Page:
Red Deer are important shapers of the landscape, from lowland valleys to open alpine moorland. By grazing grasses and young trees, they ensure a healthy structure to both the woodland and grassland. In autumn, stags start ‘rutting’, a competition between the males to claim the biggest harem of females to then mate with. This begins with impressive, deep roaring which can be heard echoing for kilometres around, in order to intimidate other nearby males. If this is not sufficient then the stags will fight, clashing their huge antlers and trying to push back the competitor.
The Red Deer is arguably one of the most historically significant animals in Europe. It has been engrained in many cultures, not only as a source of food, but also for clothing, tools and trade even in the present day. Teams of Red Deer would pull coaches in Roman ceremonial processions, ornaments and tools from antlers have been found in Dacian archaeological sites and illustrations of these animals have been found in some of the oldest prehistoric cave paintings.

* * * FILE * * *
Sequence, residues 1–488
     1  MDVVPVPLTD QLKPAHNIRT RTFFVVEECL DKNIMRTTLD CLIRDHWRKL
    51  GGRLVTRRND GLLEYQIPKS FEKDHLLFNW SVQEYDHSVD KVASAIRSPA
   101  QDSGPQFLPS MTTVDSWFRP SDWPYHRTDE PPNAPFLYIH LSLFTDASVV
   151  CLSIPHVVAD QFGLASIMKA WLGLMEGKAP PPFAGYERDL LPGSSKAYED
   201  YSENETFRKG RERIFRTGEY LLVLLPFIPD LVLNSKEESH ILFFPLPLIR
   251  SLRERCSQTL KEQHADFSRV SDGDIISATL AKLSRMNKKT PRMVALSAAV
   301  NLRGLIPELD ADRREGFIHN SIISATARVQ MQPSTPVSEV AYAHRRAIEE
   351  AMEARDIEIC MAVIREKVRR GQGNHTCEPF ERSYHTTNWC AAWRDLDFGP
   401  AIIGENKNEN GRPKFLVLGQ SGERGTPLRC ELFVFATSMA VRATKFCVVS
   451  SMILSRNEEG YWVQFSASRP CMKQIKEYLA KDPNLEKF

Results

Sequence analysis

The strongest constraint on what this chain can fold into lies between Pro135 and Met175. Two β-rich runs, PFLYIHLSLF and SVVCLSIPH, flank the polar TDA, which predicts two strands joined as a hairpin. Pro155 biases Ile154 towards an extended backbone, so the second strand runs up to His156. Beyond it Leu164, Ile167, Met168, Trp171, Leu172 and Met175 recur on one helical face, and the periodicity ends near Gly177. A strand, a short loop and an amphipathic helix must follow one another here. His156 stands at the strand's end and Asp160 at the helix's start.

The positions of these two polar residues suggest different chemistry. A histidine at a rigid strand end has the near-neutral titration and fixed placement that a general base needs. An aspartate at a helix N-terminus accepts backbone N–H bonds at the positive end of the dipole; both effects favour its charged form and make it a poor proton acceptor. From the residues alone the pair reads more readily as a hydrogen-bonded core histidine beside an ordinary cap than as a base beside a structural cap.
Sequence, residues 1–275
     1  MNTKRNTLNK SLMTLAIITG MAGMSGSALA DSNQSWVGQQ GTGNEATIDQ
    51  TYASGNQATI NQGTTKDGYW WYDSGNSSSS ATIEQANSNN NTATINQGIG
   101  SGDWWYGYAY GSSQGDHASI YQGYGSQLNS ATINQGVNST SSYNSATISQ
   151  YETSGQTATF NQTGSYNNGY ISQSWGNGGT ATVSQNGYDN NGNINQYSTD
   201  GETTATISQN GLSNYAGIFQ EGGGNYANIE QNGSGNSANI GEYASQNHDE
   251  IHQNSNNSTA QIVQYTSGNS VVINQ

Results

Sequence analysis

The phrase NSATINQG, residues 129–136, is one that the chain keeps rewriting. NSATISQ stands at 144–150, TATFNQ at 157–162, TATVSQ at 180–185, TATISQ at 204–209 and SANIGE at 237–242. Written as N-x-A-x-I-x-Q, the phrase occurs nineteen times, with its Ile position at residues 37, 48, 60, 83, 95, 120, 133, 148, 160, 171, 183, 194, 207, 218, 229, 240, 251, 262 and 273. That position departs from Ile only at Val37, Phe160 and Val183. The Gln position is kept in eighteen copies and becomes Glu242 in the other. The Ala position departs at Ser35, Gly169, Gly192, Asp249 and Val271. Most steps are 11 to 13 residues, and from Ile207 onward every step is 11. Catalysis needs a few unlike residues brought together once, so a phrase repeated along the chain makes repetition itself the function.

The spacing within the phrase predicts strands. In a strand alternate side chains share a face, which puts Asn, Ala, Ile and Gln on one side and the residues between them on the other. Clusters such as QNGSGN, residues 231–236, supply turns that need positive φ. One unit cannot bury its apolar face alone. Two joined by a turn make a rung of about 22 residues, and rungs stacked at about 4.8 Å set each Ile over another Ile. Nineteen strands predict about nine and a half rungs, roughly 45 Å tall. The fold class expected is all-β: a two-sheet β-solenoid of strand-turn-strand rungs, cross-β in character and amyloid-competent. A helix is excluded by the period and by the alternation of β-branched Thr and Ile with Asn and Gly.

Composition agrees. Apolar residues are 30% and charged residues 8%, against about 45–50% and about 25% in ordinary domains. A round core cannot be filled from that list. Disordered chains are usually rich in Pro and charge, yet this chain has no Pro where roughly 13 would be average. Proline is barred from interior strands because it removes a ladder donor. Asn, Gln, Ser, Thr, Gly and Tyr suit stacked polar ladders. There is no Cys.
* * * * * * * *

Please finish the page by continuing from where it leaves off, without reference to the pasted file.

Nowadays, Red Deer are more known as hunting trophies. Since the disappearance of their natural predators (wolves and bears) across much of Europe, humans are those now responsible for controlling their population. This is now a big business in many places and people will pay a lot of money to stalk and shoot a big stag, which can weigh as much as 250kg. This is becoming popular in the Carpathians, despite the fact that their natural predators still exist here and keep their numbers balanced.